A lifetime of barriers follows a person with a criminal record, regardless of whether the sentence and any post release sanctions are met. These barriers are collateral sanctions, and they prevent people from fully returning to their communities as productive and valued citizens. Collateral sanctions block people from access to good jobs and the economy. Collateral sanctions prevent access to education programs and eligibility for housing. Collateral sanctions perpetuate cycles of poverty and despair.
The proliferation of criminal offenses in Ohio ushered in an ever-growing litany of collateral sanctions. For example, a 2018 report found some 850 laws and administrative rules limit job opportunities for Ohioans with convictions who have already served their time.
Ohioans can ask courts to seal past criminal records, but the restrictions and waiting periods on criminal record sealing leave too many people unable to navigate the labyrinth of rules and statutes. Expungement is another process to overcome old criminal conviction records, but eligibility restrictions and higher evidentiary standards put expungement out of reach for the vast majority of Ohio’s with criminal records.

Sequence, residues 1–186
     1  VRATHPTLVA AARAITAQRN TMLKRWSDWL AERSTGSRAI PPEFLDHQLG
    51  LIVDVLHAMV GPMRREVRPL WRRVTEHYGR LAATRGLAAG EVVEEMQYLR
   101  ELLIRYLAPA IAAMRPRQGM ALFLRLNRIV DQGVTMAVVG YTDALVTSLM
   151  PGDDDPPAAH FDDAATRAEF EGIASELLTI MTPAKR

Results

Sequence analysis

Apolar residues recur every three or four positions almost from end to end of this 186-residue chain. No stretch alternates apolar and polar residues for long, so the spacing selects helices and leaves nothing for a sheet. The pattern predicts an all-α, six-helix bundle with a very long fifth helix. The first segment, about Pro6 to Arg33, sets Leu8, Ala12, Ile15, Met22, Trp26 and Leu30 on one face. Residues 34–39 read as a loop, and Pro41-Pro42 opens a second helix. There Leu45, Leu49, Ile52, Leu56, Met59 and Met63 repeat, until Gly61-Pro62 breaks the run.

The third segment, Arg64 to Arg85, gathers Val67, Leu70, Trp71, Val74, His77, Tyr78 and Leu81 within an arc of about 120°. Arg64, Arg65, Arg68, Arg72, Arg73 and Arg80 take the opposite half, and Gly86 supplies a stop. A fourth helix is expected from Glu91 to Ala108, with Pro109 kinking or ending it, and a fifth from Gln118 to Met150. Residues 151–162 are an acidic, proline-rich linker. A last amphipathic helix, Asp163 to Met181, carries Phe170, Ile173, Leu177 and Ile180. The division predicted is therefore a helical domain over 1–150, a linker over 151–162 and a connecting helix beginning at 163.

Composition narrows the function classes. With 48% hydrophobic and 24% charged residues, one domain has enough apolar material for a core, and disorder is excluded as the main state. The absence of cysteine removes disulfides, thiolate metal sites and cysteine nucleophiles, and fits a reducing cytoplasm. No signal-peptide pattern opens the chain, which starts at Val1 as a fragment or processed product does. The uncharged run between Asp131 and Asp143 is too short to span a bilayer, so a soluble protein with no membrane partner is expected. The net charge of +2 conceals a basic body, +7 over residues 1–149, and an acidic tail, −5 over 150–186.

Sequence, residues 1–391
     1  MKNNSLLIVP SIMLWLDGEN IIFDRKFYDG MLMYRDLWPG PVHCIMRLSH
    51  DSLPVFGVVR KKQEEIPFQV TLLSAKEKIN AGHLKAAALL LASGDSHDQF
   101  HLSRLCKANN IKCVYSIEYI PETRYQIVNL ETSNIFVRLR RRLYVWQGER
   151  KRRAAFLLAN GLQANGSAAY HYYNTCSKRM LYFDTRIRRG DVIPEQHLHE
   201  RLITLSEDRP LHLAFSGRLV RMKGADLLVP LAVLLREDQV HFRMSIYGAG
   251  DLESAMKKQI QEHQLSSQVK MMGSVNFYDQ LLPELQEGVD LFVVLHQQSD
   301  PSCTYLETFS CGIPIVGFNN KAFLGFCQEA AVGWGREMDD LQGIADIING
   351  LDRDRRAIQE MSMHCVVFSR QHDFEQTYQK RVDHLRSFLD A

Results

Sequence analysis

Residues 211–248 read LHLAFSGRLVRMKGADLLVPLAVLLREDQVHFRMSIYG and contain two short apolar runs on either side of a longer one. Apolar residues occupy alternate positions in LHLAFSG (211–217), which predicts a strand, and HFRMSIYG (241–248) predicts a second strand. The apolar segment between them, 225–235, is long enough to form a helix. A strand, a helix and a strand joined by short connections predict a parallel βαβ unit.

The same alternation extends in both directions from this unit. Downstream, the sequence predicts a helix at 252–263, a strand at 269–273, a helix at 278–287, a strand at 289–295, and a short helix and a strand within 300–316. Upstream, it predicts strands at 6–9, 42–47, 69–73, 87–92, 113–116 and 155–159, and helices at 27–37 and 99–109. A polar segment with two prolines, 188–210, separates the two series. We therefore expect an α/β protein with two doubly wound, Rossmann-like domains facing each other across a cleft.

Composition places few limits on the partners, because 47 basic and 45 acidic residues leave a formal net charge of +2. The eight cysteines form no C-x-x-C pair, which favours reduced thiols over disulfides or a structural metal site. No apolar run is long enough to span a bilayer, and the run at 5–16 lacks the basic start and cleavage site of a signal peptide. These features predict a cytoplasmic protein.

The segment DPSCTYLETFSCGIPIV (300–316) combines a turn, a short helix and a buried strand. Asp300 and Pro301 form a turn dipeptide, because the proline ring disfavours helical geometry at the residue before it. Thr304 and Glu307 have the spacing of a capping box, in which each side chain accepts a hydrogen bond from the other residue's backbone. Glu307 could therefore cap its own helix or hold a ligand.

Ohio needs a clean slate
Clean Slate is a concept catching on in states across the US. Some states apply their clean slate laws to low level felonies while other states wipe away only misdemeanors. Ohio’s bulging collateral sanctions impacting an estimated one-third of the state’s population—roughly 3.9 million people—will require significant change to fully restore people. Ohio can start to address collateral sanctions by:
- Automatically sealing non-convictions and dismissals (cause you still get a record even if you’re not guilty).
- Allow local jurisdictions to create processes to automatically seal records after specified years.
- Remove collateral sanctions that have no relationship to a criminal conviction.
Read more about collateral sanctions.
Collateral Consequences and the Enduring Nature of Punishment